Setting SMART Goals
By Courtney White, Stride Career Prep Success Coach
When you think about your goals, what kinds of things come to mind? If you are like many people you might be thinking about improving your grades, getting a summer job, or waking up earlier each day. If none of these are true for you, surely there are some other things you have imagined achieving. Any idea of the future or desired result you envision has the potential to be a goal.
Notice the words has the potential in the last sentence. This means simply saying “I want to go to college” or “I want to earn millions” are merely empty phrases. To be a goal, a statement must be accompanied by a plan to commit and achieve. As the famous saying goes, “a goal without a plan is just a wish.”
Think of goal setting as your roadmap for where you want to be and what you want to accomplish. Not only do goals provide you with direction, but they kick good habits and actions into high gear. Have you ever had a friend tell you the schedule for an upcoming trip or event that you couldn’t wait to attend? Remember that adrenaline you felt in anticipation for finally arriving so that you could have the time of your life?
Goal setting is a lot like that. Being fully involved in planning and participating in the details that are required to reach your destination. If when you think of your goals you don’t feel all that excited, that’s okay! You’re the author of your story, feel free to set new goals!
How to Get Started
To get started, try setting SMART goals. SMART goals are the age-old, fool proof way to create a plan you can follow and achieve while providing you with inspiration and motivation to continue along the way. SMART is an acronym that spells out the guidelines of this goal-setting practice; Specific, Measurable Achievable, Realistic, Time-Bound. Here’s an example: “I will become a nurse within six months after graduating with my Bachelor of Science in Nursing.” Notice the wording is not “I want” but “I will.” “Will” is a statement of commitment and action. It gives your goal power right from the start.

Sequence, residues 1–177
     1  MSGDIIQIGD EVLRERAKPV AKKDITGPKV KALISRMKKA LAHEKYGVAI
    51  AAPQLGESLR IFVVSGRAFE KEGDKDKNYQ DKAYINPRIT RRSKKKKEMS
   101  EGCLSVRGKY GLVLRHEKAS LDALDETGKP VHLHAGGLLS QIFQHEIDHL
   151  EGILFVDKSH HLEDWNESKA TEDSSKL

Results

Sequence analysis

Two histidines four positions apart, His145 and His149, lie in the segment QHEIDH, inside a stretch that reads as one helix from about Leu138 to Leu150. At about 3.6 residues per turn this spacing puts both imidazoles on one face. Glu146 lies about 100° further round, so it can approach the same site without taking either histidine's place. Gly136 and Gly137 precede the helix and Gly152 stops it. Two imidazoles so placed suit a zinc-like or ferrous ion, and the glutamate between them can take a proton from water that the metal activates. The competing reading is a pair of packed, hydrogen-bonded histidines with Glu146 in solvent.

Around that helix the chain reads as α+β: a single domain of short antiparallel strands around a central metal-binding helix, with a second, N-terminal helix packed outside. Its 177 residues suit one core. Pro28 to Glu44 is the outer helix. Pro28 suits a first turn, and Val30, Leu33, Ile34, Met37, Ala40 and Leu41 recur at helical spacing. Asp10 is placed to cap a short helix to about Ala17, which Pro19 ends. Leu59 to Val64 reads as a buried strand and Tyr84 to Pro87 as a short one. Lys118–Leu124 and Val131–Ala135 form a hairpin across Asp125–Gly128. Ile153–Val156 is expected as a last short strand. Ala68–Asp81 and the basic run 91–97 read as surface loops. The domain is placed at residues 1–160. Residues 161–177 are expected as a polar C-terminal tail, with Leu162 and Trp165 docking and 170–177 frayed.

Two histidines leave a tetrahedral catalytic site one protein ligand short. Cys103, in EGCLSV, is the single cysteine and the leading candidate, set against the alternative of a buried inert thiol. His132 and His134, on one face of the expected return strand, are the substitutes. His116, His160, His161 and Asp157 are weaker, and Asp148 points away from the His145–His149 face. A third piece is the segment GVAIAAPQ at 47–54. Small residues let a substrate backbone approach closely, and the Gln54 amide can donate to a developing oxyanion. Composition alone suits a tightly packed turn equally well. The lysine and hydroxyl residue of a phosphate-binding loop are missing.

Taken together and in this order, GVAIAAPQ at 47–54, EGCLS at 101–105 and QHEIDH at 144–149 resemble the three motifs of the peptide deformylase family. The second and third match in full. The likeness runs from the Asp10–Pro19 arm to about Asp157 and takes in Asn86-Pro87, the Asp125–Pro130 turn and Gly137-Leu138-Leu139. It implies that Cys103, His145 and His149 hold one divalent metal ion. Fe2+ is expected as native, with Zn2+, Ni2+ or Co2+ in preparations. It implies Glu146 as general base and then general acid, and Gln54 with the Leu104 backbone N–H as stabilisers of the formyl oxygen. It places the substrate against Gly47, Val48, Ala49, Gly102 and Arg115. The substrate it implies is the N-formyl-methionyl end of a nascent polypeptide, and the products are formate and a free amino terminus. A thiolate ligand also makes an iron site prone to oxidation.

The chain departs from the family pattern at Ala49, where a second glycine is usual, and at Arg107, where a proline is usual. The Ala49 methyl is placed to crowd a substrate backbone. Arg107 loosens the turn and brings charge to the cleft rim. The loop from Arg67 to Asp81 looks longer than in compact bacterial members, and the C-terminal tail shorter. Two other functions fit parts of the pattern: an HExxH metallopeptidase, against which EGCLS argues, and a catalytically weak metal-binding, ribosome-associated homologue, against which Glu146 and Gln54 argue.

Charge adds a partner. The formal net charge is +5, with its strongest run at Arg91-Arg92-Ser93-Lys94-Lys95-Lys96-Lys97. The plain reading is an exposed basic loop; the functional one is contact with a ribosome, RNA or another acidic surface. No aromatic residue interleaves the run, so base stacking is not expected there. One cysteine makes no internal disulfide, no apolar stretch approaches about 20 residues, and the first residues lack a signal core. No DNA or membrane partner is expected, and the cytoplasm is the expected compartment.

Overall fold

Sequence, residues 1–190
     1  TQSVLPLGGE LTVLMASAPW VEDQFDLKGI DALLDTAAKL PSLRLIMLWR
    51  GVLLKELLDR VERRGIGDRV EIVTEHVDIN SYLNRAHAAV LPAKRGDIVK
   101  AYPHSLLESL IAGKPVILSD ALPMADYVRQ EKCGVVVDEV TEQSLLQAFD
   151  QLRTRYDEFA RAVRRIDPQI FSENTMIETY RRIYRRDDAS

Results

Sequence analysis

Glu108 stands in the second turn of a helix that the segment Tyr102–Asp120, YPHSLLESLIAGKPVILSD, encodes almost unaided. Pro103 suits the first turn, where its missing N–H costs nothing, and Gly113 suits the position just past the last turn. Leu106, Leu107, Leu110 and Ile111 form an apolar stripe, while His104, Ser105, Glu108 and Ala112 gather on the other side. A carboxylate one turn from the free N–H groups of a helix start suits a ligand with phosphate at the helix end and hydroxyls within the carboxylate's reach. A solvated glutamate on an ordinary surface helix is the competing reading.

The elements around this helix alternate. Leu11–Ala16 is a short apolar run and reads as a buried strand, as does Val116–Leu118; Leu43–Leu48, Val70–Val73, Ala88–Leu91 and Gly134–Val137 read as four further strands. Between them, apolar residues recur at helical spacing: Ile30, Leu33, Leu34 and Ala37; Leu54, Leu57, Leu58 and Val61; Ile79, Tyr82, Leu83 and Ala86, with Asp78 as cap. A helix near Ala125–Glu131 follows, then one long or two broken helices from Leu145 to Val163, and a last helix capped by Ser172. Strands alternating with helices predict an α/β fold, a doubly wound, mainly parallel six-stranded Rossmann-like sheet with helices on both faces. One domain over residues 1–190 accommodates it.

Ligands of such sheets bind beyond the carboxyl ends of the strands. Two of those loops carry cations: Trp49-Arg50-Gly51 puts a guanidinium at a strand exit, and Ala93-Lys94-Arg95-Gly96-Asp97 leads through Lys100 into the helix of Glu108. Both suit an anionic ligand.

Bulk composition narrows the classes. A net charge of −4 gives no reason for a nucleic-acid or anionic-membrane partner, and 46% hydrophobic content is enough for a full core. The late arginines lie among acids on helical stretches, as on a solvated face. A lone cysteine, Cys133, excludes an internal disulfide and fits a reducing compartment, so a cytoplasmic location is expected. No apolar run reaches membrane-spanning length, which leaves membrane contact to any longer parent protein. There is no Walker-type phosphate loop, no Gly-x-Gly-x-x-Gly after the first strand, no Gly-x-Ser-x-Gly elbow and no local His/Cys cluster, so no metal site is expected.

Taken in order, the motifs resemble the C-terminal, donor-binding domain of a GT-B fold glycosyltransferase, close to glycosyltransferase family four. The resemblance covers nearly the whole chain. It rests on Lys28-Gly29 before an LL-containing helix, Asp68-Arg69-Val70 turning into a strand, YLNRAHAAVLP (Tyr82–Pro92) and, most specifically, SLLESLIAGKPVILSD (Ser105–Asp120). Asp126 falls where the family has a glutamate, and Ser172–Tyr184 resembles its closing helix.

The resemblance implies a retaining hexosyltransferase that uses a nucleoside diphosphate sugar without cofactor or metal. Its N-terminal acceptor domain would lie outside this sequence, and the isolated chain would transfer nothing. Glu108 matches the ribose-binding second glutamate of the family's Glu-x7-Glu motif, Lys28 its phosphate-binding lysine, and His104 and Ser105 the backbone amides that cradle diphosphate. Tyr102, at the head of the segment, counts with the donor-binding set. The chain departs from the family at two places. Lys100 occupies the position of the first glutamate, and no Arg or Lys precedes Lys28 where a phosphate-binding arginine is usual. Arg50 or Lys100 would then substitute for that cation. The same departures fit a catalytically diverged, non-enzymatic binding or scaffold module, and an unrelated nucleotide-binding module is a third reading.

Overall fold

The goal in the example of becoming a nurse is very precise right down to the type of degree that is needed. Progress toward this goal can easily be measured by the number of applications, interviews and job offers. It can even get more specific and measure the number of hours spent seeking out opportunities. The goal is achievable because the goal setter will obtain the specified degree in the goal. It shows relevancy because it aligns with the student’s plan and purpose to get a job in the preferred field. Lastly, it is time based because the goal setter has set a specific time frame in which to achieve the goal.
Are you making empty phrases “I want to get a job after high school”? Or are you setting powerful, intentional, action plans that will propel you right into your future, “I will become a computer engineer earning $75k annually within one year of graduating from Harvard University with a Bachelor’s of Computer Science degree.” No matter how big or small your desires are, once you set them with intention and a SMART plan; you’re well on your way to achieving anything you desire.
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